Austin Frakt writing in The Incidental Economist shares a chart from NY Magazine article by Stepen Hall on the cost of cancer drugs. Here is the chart showing the rising price of oncology drugs since 1966 at the time of FDA Approval. Austin implored readers to read the article to the end. I am such a compliant (PC incorrect term) reader (patient too) I read the article. Here is the link to the charts are MSKCC and PowerPoint slides.
I fully agree with Frakt read the excellent and telling article to the end. There is so much there to cull, learn, and act on. For my reading I came to this having worked on Adriamycin and other cancer drugs going back to 1985. With that particular history I can’t help but look at this this article and wonder if Zaltrap is being used as part of initial therapy with some off label messaging? The firewall for that is clearly the oncologist but we know that:
And because the economics of cancer drugs have always been colored by emotion, where patients facing a grim prognosis are desperate to try anything (as are their doctors)
This is a very powerful and telling quote
Kantarjian has brought a rhetoric to the price debate that is unusual for such a prominent figure in oncology. He accuses the pharmaceutical industry of “greed” in its pricing of CML drugs, argues that “there is zero correlation—zero—between how effective a drug is and the cost of the drug,” and becomes especially indignant when pharmaceutical-industry spokespeople suggest that any effort to contain drug prices will curtail innovation, calling it a form of “blackmailing” against the national interest. He’s pretty exasperated with his fellow oncologists, too. “In the last decade, we have become glorified employees of the drug companies,” he says.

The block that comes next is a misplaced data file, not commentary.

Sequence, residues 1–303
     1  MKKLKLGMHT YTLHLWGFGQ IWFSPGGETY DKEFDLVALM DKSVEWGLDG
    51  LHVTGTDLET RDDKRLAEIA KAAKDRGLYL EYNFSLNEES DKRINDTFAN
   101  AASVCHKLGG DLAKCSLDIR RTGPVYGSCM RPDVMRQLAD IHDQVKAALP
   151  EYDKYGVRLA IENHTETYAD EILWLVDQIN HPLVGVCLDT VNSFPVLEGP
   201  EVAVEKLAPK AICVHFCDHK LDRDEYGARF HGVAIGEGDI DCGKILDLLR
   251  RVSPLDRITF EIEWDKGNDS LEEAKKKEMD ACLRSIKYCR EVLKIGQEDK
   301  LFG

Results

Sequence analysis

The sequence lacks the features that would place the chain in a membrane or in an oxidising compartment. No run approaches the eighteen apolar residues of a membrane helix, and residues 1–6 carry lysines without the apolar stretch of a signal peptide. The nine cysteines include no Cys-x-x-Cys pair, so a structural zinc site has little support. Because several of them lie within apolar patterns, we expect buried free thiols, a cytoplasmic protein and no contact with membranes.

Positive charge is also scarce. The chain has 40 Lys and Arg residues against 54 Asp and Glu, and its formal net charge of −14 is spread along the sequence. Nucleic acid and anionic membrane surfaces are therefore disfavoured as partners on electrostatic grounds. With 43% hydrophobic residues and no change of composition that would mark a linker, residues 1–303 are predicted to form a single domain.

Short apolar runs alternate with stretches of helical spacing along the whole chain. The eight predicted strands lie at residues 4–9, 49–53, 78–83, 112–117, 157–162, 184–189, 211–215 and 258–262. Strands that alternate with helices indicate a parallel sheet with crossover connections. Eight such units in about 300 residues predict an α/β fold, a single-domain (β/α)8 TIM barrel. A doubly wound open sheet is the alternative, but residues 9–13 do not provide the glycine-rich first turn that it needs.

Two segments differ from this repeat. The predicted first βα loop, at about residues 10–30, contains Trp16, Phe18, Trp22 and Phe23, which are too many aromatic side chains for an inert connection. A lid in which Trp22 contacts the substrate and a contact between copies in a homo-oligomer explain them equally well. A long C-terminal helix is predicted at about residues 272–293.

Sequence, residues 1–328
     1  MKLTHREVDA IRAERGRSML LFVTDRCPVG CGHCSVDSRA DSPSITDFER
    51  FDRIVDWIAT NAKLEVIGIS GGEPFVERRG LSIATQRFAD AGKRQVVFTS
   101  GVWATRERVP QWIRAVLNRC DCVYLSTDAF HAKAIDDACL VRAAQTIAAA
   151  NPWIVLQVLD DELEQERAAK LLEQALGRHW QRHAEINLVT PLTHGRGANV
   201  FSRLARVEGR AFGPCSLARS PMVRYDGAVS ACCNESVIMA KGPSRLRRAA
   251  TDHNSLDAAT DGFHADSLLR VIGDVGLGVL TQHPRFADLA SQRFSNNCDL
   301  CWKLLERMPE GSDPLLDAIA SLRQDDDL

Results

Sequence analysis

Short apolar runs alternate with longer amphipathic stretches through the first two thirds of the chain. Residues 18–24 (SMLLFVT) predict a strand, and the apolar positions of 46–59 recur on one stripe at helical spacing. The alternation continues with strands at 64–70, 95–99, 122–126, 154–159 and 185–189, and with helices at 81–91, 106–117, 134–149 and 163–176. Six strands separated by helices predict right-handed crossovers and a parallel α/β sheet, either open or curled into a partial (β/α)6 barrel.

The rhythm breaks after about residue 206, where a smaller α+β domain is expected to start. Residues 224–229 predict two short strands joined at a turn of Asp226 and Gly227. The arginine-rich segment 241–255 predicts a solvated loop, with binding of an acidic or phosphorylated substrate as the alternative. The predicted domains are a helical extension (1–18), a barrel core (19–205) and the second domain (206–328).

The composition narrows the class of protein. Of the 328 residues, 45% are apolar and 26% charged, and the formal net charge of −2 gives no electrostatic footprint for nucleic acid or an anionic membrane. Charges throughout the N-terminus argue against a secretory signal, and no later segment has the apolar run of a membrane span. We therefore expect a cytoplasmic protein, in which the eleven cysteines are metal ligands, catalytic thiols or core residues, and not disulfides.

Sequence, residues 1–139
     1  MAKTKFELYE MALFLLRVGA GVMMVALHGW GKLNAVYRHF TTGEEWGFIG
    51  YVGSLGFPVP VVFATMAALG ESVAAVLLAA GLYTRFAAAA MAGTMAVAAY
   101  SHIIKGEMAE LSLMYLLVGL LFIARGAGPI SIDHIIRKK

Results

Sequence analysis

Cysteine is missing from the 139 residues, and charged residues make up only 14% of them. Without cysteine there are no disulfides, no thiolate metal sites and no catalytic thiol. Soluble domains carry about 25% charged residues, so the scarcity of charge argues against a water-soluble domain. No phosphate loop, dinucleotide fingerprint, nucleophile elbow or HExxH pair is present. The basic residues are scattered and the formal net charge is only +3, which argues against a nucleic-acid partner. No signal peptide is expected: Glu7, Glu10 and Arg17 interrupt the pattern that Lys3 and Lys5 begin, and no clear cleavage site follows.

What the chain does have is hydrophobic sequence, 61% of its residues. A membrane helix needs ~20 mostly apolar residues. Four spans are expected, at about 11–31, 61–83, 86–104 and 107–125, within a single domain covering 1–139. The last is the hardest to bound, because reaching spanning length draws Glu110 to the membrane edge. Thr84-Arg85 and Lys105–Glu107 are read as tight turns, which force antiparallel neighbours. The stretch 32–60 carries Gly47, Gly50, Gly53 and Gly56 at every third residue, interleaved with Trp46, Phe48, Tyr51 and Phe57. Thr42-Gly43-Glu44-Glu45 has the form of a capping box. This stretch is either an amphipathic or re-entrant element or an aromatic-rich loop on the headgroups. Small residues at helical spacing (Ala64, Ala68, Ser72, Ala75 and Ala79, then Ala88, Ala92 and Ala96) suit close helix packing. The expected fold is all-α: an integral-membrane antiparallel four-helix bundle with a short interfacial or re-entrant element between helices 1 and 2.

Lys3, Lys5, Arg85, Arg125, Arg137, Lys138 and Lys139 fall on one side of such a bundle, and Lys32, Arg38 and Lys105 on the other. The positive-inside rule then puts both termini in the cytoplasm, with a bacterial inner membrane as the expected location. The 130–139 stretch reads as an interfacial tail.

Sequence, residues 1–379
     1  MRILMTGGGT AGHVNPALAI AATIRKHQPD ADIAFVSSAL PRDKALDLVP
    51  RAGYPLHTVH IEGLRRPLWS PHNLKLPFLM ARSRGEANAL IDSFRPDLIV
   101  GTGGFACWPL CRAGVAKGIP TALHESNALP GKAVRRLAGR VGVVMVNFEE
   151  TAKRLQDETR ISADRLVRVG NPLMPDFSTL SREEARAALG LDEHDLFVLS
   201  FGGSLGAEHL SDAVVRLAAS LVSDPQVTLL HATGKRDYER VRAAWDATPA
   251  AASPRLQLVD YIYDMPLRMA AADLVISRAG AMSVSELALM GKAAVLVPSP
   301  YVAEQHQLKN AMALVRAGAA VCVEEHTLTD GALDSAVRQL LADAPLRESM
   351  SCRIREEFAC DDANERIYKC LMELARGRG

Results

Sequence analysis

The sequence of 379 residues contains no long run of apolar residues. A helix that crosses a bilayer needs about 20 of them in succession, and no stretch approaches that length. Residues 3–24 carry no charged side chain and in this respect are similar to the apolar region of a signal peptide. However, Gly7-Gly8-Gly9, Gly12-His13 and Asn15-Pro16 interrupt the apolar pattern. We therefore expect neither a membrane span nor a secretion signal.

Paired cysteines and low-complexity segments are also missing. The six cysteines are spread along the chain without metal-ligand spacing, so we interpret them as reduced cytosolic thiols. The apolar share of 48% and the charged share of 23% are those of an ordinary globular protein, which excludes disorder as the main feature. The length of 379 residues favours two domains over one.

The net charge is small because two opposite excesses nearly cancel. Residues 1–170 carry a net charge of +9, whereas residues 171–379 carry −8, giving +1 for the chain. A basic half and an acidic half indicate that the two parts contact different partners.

Again read this and consider what we need to do not just to bend the cost curve but to deliver better patient care. In light of this article and the indictment of oncology drug pricing we need to consider what palliative care delivers and not solely on a cost analysis but a quality of life basis. Studies need to be done. I would like to see a trial to compare palliative care to cure and measure outcomes of both survival and Q0L.
Pediatric Caregiver Attitudes Toward Email Communication: Survey in an Urban Primary Care Setting
Dudas and Crocetti published and original paper in JMIR. There have been much discussion regarding the usage of email communications between patients and HCP and how it will drive major change. The authors performed a survey to measure pediatric caregiver access to and attitudes toward the use of electronic communications.
We hypothesize that parents bringing their children to a pediatric primary care clinic have access to the Internet and email and would be interested in communicating with their health care providers by these modalities. The aim of this study is to document pediatric caregiver attitudes toward and access to these technologies in an urban pediatric primary care clinic.
The authors concluded:
Caregivers of children in an urban pediatric primary care practice have access to email and would be interested in communicating with health care providers by this method. African-American caregivers and those in lower socioeconomic groups hold less favorable views toward email communication; thus, the use of email may exacerbate existing disparities in health care delivery. Future studies should examine the reasons for these attitudinal differences.
Why is the right question and do we have time to wait?
Awesome Video from the Children’s Hospital at Dartmouth-Hitchcock (CHAD)
The Healthcare Marketer shares this emotionally powerful video from Children’s Hospital at Dartmouth-Hitchcock. Tear alert… you will tear up. Powerful. Let’s get the number of views up.
This has to be the idea from the agency because it works so well. Not your usual in house effort. And I am right the agency is Sublime Eye.